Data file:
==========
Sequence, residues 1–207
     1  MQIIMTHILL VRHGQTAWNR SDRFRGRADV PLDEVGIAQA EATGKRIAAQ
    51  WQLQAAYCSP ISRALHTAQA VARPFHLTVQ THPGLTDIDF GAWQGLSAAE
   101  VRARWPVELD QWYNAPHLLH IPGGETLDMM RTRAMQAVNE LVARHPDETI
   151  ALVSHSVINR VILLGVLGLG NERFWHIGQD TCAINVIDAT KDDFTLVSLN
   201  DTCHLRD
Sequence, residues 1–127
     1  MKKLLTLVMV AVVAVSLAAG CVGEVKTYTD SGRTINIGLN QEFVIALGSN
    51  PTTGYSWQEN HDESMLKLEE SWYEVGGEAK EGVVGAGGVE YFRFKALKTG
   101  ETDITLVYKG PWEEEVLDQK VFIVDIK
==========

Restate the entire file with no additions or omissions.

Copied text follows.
Sequence, residues 1–207
     1  MQIIMTHILL VRHGQTAWNR SDRFRGRADV PLDEVGIAQA EATGKRIAAQ
    51  WQLQAAYCSP ISRALHTAQA VARPFHLTVQ THPGLTDIDF GAWQGLSAAE
   101  VRARWPVELD QWYNAPHLLH IPGGETLDMM RTRAMQAVNE LVARHPDETI
   151  ALVSHSVINR VILLGVLGLG NERFWHIGQD TCAINVIDAT KDDFTLVSLN
   201  DTCHLRD
Sequence, residues 1–127
     1  MKKLLTLVMV AVVAVSLAAG CVGEVKTYTD SGRTINIGLN QEFVIALGSN
    51  PTTGYSWQEN HDESMLKLEE SWYEVGGEAK EGVVGAGGVE YFRFKALKTG
   101  ETDITLVYKG PWEEEVLDQK VFIVDIK